The Book Worm: Review: Nothing Personal

Thursday, December 10, 2015

Review: Nothing Personal

Nothing Personal, Jaci Burton, book review

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Multi-millionaire casino owner Ryan McKay needs a bride in a hurry, and the one he chose has just backed out, which means he could lose his company within hours. He doesn’t know the meaning of the word failure, so he’s scrambling for Plan B and not happy that the ridiculous terms of his grandfather’s will have backed him into a corner.

So when his shy but dedicated executive assistant Faith Lewis tells him she’ll do everything in her power to make sure he succeeds, she’s shocked to realize Plan B = involves her—in other words, he wants to marry her. Like right now.

Faith reluctantly agrees, burying the heavy crush she’s had on Ryan for years. But the shy virgin is going to have to live with, sleep with, and reveal so many secrets to the enigmatic man who sees this as a logical business deal. Faith’s been holding out for love, and that four letter word isn’t in Ryan’s vocabulary after being raised by a cold, loveless family.

But love very rarely follows the rules of business or logic, and this business deal is about to get very personal.
Genre: contemporary romance

Publishing date: August 2014

Offensive content: a few sex scenes

Review: 
Nothing Personal had potential, but there are too many things wrong with it for me to give it a rating higher than 2 stars.

First, the storyline is a total cliché: millionaire needs to marry in order to secure ownership of the family company (due to a weird provision in his grandfather's will). As a desperate measure he turns to his personal assistant, who agrees to go ahead with the wedding and get pregnant withing a year (and who has been secretly in love with boss for the past 5 years). Can it get any cheesier? Add in a machinating cousin (intent on stealing the company), a lawyer who has to live with the couple for one year to make sure they sleep in the same room (no comments), and an English butler, and you have a recipe for...well, an idiot story.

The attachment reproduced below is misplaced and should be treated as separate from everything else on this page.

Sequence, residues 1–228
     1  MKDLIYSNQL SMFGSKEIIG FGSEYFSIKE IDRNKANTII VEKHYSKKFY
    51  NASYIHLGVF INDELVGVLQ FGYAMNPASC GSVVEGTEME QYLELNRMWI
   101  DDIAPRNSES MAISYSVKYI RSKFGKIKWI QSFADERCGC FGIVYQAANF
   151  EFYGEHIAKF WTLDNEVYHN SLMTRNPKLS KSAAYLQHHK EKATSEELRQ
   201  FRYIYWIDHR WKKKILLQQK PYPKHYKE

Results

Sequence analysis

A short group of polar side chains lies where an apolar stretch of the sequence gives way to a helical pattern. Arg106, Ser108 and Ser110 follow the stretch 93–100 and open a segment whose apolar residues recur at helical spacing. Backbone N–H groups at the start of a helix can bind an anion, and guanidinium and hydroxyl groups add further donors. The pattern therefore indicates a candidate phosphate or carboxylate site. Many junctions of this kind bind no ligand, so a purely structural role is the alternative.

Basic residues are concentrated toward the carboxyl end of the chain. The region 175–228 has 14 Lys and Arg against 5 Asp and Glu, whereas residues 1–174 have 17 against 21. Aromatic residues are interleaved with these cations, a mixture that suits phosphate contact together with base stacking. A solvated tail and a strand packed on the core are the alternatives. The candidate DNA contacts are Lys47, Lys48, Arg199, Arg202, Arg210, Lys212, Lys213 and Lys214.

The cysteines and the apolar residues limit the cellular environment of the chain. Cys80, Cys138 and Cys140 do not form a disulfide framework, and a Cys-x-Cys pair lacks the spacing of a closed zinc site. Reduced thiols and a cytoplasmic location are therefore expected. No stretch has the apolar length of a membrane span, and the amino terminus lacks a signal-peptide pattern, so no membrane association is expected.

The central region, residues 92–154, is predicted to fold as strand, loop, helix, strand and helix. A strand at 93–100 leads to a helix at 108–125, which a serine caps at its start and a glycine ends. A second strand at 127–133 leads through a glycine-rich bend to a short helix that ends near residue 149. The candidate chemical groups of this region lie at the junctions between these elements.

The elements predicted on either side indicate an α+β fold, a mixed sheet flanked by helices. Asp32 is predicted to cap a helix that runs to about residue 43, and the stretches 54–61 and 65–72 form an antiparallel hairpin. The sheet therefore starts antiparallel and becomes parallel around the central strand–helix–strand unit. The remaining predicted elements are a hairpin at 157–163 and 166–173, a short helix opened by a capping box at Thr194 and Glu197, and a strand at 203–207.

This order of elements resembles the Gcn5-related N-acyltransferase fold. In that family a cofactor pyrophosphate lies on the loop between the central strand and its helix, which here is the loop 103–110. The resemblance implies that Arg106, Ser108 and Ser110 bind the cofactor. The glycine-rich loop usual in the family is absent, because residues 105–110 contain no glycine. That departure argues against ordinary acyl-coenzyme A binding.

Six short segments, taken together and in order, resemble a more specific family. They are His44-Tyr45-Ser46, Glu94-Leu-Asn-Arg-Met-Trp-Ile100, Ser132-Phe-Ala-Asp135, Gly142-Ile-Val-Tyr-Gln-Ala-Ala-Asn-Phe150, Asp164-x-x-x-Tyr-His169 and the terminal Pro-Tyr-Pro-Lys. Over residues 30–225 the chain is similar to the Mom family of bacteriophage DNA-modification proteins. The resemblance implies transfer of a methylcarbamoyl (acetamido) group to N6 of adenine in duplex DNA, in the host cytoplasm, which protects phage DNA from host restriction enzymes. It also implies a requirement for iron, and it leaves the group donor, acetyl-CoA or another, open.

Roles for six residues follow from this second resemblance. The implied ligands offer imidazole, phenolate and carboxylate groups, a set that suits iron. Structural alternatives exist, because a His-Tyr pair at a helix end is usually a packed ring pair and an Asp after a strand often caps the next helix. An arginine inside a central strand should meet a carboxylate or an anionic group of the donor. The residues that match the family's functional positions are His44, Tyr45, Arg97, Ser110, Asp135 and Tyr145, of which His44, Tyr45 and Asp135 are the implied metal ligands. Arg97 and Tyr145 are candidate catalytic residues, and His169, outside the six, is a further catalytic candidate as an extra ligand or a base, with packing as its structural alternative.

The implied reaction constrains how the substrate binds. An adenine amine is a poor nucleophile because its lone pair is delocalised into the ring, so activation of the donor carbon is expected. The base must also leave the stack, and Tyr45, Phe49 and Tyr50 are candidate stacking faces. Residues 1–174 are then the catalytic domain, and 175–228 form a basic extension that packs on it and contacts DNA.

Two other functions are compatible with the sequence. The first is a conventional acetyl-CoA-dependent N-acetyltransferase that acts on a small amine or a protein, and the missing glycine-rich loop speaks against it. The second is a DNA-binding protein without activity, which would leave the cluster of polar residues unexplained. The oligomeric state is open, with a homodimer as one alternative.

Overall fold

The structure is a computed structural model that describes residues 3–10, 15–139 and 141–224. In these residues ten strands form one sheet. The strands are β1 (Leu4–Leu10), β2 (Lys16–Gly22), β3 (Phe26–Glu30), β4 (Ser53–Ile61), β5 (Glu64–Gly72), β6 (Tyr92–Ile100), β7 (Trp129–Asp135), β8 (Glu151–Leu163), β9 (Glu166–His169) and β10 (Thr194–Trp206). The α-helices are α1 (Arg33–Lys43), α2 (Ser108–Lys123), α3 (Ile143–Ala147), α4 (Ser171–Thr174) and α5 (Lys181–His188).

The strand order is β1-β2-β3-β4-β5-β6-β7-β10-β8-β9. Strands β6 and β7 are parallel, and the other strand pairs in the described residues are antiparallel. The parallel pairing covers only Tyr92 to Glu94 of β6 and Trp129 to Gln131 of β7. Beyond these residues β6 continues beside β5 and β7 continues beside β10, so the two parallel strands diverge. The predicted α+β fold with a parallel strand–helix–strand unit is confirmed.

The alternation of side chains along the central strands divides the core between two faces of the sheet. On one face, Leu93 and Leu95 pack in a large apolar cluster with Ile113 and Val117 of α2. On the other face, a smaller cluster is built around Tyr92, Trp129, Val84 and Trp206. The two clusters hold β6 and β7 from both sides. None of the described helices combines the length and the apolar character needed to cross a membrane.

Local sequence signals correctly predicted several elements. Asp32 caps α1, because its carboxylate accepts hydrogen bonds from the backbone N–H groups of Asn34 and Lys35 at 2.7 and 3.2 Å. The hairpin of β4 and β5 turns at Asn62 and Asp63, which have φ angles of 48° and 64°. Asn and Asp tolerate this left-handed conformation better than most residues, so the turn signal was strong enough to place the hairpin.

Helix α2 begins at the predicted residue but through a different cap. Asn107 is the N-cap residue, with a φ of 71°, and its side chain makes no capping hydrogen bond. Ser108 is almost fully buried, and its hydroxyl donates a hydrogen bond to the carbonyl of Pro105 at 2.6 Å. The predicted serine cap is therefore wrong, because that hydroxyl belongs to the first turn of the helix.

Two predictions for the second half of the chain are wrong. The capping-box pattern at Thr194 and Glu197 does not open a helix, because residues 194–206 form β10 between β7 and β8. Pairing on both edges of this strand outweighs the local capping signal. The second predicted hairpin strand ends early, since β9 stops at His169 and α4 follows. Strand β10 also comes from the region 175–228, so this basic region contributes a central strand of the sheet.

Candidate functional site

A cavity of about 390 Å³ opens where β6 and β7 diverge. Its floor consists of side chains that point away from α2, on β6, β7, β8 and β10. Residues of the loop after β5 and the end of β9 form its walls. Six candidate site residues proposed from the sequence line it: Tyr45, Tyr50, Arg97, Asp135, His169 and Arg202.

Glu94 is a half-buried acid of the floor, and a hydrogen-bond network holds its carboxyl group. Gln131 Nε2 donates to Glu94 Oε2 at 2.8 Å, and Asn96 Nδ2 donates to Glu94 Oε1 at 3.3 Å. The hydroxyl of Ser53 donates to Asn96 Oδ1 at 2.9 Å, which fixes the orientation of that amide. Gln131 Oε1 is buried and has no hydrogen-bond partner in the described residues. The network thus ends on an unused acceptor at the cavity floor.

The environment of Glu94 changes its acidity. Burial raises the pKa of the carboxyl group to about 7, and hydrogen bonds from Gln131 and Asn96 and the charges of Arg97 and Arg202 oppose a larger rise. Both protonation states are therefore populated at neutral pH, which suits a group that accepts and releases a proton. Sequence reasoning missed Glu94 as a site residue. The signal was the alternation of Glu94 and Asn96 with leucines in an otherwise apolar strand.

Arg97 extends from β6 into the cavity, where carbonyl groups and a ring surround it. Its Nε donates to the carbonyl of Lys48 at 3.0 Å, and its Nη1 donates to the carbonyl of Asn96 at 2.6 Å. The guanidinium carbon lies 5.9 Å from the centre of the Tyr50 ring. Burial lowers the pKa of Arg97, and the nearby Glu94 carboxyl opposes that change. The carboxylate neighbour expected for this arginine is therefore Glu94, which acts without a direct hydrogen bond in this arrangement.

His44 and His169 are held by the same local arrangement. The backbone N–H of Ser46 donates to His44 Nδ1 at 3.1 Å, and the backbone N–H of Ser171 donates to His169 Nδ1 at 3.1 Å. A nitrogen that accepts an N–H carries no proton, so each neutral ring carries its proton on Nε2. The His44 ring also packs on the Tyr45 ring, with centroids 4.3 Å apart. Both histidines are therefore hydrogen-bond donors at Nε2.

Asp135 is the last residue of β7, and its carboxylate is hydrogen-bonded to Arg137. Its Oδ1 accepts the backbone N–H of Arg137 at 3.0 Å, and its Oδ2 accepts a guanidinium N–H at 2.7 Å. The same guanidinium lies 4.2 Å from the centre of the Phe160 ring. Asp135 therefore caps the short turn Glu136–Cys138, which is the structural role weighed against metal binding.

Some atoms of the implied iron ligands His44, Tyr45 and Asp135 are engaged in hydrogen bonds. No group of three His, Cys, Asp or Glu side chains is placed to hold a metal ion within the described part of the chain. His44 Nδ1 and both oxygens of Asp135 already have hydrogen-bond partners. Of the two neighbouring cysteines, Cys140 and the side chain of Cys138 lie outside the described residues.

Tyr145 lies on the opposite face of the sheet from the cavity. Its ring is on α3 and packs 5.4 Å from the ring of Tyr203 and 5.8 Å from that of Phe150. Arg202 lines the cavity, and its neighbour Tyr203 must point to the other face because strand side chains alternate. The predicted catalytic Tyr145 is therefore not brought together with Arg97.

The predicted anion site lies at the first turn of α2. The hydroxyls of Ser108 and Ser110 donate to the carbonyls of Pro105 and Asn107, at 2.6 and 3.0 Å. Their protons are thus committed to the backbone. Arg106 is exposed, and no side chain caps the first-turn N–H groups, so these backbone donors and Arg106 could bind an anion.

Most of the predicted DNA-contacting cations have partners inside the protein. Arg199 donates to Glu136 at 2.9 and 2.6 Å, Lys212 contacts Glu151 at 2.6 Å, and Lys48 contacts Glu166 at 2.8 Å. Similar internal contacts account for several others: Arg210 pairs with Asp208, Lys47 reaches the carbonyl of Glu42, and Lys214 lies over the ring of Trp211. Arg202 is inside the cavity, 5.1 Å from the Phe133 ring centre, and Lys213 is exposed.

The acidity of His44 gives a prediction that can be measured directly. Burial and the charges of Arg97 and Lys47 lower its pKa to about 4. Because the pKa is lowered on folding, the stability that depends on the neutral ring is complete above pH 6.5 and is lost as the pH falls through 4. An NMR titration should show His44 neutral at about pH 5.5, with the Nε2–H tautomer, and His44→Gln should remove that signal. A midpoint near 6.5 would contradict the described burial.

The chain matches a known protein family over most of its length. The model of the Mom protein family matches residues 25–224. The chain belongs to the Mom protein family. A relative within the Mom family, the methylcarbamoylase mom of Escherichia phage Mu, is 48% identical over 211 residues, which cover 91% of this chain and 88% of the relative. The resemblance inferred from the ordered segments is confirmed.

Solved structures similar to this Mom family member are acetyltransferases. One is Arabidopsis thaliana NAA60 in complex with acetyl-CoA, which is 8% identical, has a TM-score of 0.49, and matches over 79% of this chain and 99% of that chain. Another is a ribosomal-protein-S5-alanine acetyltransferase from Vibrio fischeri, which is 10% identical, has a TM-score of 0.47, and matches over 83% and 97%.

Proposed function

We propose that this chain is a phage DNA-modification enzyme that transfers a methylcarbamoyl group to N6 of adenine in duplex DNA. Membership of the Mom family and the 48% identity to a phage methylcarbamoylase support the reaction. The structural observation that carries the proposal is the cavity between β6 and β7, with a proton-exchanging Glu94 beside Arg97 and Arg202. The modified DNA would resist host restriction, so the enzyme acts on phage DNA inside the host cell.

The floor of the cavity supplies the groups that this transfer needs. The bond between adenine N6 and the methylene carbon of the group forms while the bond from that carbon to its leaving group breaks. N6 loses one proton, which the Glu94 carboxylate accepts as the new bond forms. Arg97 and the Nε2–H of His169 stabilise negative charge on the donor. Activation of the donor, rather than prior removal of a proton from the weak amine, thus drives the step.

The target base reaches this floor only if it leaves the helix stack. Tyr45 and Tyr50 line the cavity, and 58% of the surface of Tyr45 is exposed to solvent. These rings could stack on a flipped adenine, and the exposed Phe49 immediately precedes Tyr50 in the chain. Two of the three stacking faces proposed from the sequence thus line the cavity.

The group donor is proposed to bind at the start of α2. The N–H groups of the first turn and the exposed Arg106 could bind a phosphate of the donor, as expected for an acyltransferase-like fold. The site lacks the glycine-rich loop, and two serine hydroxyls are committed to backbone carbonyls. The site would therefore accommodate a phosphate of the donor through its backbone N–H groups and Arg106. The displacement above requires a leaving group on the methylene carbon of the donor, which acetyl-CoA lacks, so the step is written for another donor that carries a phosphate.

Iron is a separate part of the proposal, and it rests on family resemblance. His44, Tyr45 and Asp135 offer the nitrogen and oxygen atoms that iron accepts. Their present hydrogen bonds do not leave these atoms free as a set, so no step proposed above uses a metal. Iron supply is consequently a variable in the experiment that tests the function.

Ryan comes across as a cold hearted business man from page one. He even says that he intends to get Faith pregnant but couldn't care less about the child. So, he's basically conceiving a child to ensure ownership of a company but admits he will not raise said child. Worse, he will not love his child. As a mother, I couldn't help but to be deeply shocked by this. When he then goes days without eating, bathing or showing up at the company because Faith left him, I really could not believe his change in attitude.

Faith, on the other hand, acts like a real doormat right until the last scene in the book, when she finally shows a bit of backbone. But even then, it sounds false and unrealistic. She accepts to marry a man she knows doesn't love her to help him save the company. She'll get money out of it, of course, but money never really seems to be her real motivation. There's absolutely no mention of family on her side, too, which is strange, other than a few references to her mother (which we don't really know if is living or not). Then, she agrees to the crazy notion of giving birth to a child who will, for all purposes, be abandoned by his or her father and never imposes any condition to all of this other than she wants to wait two months to have sex. Really?

And then, I didn't really get the purpose of the will. At first, I thought the purpose of Ryan's marriage and the subsequent pregnancy condition would be to produce an heir. But if Ryan plans to have nothing to do with the child, it doesn't really make sense. The more  read it, the more it looked like the author inserted the pregnancy clause to "force" the characters to have sex.



There's really very little true romance in all of this, and what little there is, rings false. This is obviously my personal opinion, there are lots of wonderful reviews over at Amazon, so check it out if  you want, but from my side, I'm sorry, but I can't really recommend this book.

Well, better luck next time.

Happy readings,

the book worm, book blog


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